Broadcasting legend Arthur Rankin Jr. -- the animator, producer and director behind some of television’s most enduring holiday specials -- is dead at the age of 89 following a bout of illness.
Broadcasting legend Arthur Rankin Jr. -- the animator, producer and director behind some of television’s most enduring holiday specials -- died at his home in near Harrington Sound, Bermuda following a bout of illness on Thursday, January 30, according to a report by the Royal Gazette. He was 89.
Starting in the early 1960s, Rankin and partner Jules Bass cornered the market for Christmas specials, winning the hearts of TV audiences with whimsical stop-motion animation. His company, Rankin/Bass Productions, created perennial classics such as Rudolph the Red-Nosed Reindeer that made broadcast history.
He is survived by his wife Olga, a Greek-born actress who in 2010 became the oldest newly graduated lawyer called to the Bermuda Bar -- as well as sons Todd and Gardner.
Born in New York City in 1924 to actors Arthur Rankin and Marian Manfield, Rankin was a self-made filmmaker whose career -- starting as art director at ABC in the late 1940s -- spanned the history of the medium.
Rankin and Bass set out in 1960 with Videocraft International, which later became their eponymous business. Stop-motion was a painstaking and obscure technique when Rudolph burst onto the scene, followed by Frosty the Snowman, Santa Claus is Coming to Town, The Little Drummer Boy, A Year Without a Santa Claus and a slew of other specials. He wrote, produced or directed more than a dozen feature films as well as the animated TV series ThunderCats and SilverHawks and more than 1,000 TV programs.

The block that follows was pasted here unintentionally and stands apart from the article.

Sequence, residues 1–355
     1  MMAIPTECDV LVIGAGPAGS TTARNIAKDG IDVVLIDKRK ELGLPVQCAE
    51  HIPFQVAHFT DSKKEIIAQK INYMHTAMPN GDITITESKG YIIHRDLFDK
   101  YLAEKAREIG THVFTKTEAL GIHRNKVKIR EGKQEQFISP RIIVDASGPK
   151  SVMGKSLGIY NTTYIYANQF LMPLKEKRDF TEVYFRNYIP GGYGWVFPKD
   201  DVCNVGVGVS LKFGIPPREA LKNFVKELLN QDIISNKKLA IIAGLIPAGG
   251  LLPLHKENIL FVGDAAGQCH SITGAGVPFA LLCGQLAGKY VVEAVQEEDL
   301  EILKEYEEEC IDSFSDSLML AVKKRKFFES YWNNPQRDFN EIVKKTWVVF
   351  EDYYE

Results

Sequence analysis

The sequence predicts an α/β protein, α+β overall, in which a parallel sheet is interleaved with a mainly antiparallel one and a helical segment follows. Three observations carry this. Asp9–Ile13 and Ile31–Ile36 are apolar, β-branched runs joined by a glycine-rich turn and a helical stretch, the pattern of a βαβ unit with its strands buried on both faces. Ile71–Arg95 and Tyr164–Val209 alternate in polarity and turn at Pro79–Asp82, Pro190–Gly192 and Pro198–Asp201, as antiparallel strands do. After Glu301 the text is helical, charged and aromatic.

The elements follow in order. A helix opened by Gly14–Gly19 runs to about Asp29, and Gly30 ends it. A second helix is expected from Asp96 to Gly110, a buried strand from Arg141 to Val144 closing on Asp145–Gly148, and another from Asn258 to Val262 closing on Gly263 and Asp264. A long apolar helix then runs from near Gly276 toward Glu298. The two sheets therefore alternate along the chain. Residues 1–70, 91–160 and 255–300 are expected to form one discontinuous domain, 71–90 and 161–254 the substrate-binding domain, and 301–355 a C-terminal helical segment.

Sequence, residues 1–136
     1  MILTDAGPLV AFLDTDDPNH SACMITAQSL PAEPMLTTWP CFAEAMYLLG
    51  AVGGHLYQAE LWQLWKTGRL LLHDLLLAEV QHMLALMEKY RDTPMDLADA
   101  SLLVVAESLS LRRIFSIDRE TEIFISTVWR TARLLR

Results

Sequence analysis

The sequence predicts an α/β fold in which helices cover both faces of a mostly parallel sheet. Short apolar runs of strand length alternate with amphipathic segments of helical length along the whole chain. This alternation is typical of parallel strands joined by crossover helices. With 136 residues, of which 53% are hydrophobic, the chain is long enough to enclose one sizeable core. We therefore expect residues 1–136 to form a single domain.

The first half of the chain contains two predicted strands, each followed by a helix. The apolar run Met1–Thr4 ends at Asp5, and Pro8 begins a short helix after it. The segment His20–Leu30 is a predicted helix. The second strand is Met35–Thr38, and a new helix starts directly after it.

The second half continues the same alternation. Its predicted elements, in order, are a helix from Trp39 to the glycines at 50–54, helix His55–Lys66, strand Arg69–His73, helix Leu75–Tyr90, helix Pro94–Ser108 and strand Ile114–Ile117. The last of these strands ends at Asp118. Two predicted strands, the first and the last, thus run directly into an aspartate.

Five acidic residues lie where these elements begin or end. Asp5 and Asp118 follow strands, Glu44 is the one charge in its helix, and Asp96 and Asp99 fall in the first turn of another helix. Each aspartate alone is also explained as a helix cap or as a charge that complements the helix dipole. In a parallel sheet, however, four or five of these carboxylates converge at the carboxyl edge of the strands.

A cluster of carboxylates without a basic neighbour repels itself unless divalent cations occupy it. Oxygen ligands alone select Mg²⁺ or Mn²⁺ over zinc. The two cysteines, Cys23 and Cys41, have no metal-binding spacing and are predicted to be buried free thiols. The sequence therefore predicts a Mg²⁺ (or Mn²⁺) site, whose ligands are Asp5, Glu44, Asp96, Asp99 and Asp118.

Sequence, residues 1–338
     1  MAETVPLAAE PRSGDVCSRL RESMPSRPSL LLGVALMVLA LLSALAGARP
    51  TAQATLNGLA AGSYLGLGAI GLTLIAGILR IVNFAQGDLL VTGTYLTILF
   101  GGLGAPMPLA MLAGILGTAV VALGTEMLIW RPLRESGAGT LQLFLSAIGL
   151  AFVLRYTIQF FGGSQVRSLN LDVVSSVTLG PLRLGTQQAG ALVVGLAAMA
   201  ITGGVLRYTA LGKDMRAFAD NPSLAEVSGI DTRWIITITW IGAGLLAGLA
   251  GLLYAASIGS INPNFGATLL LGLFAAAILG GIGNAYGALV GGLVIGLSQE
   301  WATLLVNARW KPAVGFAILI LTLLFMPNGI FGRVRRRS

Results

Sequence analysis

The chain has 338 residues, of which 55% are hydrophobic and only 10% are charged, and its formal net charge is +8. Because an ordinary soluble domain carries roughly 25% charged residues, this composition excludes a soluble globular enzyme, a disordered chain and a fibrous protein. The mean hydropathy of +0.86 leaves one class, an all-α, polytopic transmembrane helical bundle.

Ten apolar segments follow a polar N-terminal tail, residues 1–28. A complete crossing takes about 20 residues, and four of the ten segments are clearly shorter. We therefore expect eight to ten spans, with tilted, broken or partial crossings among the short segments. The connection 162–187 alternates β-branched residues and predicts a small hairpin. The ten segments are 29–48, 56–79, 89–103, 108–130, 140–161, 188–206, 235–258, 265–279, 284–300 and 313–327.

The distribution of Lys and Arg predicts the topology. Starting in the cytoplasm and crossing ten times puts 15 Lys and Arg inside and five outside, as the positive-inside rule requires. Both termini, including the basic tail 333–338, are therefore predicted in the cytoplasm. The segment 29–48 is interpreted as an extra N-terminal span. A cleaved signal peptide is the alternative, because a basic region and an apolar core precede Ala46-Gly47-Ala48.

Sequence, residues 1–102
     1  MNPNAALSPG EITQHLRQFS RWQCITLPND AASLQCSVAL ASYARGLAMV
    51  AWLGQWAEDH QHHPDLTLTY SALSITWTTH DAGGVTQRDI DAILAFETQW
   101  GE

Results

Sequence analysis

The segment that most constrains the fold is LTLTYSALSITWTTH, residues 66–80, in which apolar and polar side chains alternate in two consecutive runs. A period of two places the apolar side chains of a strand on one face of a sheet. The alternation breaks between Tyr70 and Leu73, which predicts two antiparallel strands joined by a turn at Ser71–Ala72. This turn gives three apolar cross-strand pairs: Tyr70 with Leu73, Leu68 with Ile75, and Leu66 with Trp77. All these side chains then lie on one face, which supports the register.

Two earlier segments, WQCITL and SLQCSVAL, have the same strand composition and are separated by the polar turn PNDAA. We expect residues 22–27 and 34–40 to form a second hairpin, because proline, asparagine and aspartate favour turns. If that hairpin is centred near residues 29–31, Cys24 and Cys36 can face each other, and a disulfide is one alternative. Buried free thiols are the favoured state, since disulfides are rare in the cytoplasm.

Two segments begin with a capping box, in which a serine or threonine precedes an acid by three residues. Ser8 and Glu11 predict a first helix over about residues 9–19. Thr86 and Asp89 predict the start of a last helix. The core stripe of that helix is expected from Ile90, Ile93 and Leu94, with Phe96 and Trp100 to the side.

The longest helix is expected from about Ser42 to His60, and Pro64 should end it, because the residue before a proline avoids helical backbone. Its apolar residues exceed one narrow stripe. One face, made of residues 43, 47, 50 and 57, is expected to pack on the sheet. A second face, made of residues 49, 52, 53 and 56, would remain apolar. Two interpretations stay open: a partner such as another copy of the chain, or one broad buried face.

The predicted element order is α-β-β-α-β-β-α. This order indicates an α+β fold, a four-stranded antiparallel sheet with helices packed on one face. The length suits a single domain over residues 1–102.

Rankin is credited with pioneering the use of celebrities to voice his animation, managing to persuade such luminaries as Danny Kaye, Fred Astaire and Boris Karloff to lend their voices and images to Rankin/Bass creations.
Others included Tallulah Bankhead, Jeff Bridges, George Burns, Mia Farrow, Joel Gray, John Huston, Burl Ives, James Earl Jones, Christopher Lee, Walter Matthau, Hayley Mills, Zero Mostel, Vincent Price and Flip Wilson. Karloff’s voice role in the 1967 spoof Mad Monster Party was one of his last performances. Rankin also managed to persuade dancer and actor James Cagney to come out of retirement to narrate 1966’s The Ballad of Smokey the Bear.
Other much-loved productions were the Rankin and Bass version of JRR Tolkien’s The Hobbit in 1977, followed by The Return of the King and adaptations The Last Unicorn and The Flight of Dragons.
In 1999 Rankin produced an animated version of The King and I. Last year he tried to produce the Christmas play Santa Baby, but it was called off due to technical difficulties.
Jennifer Wolfe is Director of News & Content at Animation World Network.